Please forgive me: I’m a Hungarian ‘chilip’ who doesn’t permanently live in Bhutan and I’m not a GNH expert. However, I dare to offer some additional thoughts to the healthy discussion provoked by Dr David L Luechauer in The Bhutanese hoping to contribute to Bhutan’s future development.
Some of you may think I am trying to defend GNH and Bhutan against critics. This is not the case, because GNH or Bhutan doesn’t need my defense and protection. Personally, I can’t see any problem with Dr David criticizing the GNH practice without knowing the concept well while relying on his personal and limited experiences. I keep hearing from my Bhutanese friends that he probably did a good service to Bhutan when raising some valid points. He may even be right saying that widespread domestic practice should have predated any extensive international promotion. I can’t really judge.
What I know for sure though is that GNH provides inspiration to many people outside Bhutan, including my friends in Europe, who explore alternative ways of organizing our societies. I say ‘inspiration›’which doesn’t mean that we would like to take GNH into our countries as it is. No, we want to study the concept, see the results and challenges in Bhutan, and then figure out what we can learn from it and how we can apply the findings. Doing so, we also hope to help Bhutan improve and apply GNH.
In my article, I hope to add new dimensions to the conversation by focusing on three things: 1) the universal gap between theory and practice; 2) proposed solutions to Bhutan by Dr David and their viability; and 3) the business sector’s role in further developing Bhutan.
The theory vs. practice gap
I don’t know Dr David, but he may have fallen into the trap several ‘chilips’ did before: prior to his arrival, in his mind, he may have constructed his own Shangri-la or Happiness State with ever-smiling citizens governed by an enlightened policy called GNH. Then, he got disappointed when he found a real country with real people struggling with real everyday problems. And then he concluded that his home country is still much better.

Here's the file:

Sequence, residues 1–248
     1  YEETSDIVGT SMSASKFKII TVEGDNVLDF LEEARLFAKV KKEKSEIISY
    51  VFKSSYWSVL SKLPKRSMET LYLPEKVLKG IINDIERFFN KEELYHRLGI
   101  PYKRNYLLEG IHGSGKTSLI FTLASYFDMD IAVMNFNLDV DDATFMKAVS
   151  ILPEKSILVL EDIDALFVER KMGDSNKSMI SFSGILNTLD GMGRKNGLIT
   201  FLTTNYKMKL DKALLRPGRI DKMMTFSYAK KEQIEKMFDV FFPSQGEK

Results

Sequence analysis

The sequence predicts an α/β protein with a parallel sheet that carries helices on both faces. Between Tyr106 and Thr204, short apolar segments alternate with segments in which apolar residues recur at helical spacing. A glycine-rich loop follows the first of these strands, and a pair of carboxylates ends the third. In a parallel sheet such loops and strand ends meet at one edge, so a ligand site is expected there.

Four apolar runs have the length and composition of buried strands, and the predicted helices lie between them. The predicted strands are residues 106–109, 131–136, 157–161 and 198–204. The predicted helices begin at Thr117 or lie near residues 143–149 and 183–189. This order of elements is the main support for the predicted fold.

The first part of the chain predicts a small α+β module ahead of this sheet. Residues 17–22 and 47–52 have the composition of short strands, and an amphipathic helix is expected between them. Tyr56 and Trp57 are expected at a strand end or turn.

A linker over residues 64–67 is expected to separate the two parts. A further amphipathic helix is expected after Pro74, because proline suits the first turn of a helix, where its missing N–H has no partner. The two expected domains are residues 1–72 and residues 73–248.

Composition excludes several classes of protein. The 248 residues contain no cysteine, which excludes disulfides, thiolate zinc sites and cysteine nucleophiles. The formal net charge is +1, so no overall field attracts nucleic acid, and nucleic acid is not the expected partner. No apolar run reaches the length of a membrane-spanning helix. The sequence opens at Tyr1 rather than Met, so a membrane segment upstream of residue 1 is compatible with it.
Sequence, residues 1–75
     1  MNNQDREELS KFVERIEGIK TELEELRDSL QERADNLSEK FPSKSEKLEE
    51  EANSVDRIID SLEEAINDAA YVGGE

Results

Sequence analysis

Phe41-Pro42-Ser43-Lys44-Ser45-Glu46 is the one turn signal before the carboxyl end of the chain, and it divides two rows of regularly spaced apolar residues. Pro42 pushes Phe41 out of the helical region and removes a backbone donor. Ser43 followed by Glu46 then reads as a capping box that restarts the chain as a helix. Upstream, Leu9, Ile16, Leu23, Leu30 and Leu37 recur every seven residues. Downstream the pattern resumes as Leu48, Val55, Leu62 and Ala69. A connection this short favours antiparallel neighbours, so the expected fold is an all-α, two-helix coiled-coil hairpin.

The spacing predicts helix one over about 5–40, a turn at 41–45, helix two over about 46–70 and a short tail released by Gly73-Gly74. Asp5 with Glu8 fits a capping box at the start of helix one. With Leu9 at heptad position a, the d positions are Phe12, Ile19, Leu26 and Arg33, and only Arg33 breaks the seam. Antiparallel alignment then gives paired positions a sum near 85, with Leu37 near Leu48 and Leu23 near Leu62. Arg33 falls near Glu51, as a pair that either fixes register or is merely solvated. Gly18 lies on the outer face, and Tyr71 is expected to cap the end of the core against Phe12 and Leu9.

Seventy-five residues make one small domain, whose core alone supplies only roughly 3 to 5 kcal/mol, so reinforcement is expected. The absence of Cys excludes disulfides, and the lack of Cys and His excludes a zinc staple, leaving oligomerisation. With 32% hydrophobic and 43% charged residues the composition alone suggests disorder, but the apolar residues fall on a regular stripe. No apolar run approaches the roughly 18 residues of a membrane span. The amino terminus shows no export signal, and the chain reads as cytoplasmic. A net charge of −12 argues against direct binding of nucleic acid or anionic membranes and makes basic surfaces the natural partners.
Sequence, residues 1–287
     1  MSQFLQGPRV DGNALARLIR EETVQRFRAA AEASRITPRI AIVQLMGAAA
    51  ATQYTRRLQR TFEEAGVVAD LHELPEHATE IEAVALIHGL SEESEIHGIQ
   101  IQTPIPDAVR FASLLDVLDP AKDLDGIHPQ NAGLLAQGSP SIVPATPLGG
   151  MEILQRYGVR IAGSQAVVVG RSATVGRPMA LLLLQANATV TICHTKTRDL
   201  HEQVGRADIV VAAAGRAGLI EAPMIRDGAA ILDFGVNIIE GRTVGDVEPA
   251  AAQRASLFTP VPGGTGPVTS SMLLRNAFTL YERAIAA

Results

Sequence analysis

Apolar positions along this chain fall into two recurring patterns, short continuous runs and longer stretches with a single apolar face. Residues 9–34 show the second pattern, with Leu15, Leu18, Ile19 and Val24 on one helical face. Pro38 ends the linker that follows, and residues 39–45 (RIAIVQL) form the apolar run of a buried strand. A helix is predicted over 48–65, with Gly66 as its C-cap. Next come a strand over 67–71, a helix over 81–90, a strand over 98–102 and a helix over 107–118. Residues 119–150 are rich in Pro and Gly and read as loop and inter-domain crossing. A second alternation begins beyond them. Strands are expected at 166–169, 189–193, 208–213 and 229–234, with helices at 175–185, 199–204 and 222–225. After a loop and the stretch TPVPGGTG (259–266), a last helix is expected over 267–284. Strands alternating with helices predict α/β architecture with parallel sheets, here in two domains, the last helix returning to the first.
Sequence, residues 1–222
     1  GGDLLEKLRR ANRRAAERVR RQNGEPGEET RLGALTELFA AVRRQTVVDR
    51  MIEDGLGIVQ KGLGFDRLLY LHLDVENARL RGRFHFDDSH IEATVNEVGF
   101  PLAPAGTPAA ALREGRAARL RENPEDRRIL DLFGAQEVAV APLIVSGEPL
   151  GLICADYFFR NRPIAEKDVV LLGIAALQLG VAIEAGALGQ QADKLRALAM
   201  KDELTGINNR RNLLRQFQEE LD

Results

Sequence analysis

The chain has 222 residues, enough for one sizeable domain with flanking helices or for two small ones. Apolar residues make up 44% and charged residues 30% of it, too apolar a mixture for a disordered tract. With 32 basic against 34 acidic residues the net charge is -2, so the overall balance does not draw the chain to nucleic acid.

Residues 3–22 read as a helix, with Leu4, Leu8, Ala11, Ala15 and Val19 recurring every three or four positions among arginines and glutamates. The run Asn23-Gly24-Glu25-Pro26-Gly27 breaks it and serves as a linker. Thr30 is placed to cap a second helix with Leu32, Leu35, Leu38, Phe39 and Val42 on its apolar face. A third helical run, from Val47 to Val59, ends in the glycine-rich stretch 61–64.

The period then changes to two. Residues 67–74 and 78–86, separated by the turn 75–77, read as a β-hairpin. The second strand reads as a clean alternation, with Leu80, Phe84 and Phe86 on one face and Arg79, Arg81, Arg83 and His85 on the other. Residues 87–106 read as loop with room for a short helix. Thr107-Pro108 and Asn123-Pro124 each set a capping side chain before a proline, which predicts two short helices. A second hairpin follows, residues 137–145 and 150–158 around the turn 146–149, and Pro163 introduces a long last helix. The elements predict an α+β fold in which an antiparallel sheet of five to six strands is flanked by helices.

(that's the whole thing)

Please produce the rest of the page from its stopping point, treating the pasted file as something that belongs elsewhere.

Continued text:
When I was 18 years old I fell into the same trap, but my constructed Shangri-la was the United State. I was living in Hungary in Eastern Europe under a ‘light communist’ regime and for my birthday I received a Big Mac from one of my best friends. He queued for hours in front of the first newly opened McDonald›s in the country and I still remember the thrill I had just looking at this small piece of food on the dinner table. It was a precious sacred object, much more than a sandwich. For me, it was the American Dream itself.
This happened in 1988 and two years later we had democratic elections and open market and later I got my dream job at Levi’s, the American jeans company. Today, I laugh when I recall the Big Mac story. Since then, I have grown up and learned to see the difference between the American Dream and a hamburger. In other words, I know the difference between marketing and reality. I know that the American Dream, which is globally marketed by brand builders, politicians, Hollywood and many US citizens, is not fully practiced in its home country neither. I›ve been there and I›ve seen it. It›s a political slogan or a well-promoted philosophy, if you wish. Just like the ‘Free Market Economy’ which doesn’t exist anywhere due to government’s intervention, protection and subsidies, big business monopolies, and human nature.
And this discrepancy between a well-rounded concept and rugged reality naturally applies to GNH, too. And that’s fine. I am afraid that we, adults, have to accept that GNH and the American Dream are both aspirational concepts of great minds which are marketed by talented political leaders at home and abroad, while imperfectly implemented anywhere.